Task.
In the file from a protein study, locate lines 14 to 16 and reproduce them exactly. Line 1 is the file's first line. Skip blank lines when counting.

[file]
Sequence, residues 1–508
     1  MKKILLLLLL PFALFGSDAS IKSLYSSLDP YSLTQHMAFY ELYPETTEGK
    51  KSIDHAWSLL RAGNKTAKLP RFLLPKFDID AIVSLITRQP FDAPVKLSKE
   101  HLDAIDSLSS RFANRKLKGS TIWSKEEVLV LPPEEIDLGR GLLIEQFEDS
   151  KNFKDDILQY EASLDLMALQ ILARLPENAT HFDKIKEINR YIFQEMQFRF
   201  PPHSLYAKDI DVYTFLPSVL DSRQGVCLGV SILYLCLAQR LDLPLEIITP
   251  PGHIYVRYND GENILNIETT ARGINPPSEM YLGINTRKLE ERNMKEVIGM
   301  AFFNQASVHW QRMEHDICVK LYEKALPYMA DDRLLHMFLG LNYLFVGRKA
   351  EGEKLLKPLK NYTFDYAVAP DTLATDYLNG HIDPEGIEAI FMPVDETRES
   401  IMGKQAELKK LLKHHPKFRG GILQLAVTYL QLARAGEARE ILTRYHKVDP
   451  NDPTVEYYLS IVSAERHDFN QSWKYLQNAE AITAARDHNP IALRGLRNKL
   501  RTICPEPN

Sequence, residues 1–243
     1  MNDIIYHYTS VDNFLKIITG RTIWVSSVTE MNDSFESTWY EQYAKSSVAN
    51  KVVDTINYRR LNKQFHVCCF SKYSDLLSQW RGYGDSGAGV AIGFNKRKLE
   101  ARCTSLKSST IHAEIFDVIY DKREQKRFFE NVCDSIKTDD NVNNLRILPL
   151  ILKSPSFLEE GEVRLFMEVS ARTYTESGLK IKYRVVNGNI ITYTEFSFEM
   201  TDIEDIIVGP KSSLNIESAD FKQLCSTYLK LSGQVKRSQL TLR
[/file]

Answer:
     1  MNDIIYHYTS VDNFLKIITG RTIWVSSVTE MNDSFESTWY EQYAKSSVAN
    51  KVVDTINYRR LNKQFHVCCF SKYSDLLSQW RGYGDSGAGV AIGFNKRKLE
   101  ARCTSLKSST IHAEIFDVIY DKREQKRFFE NVCDSIKTDD NVNNLRILPL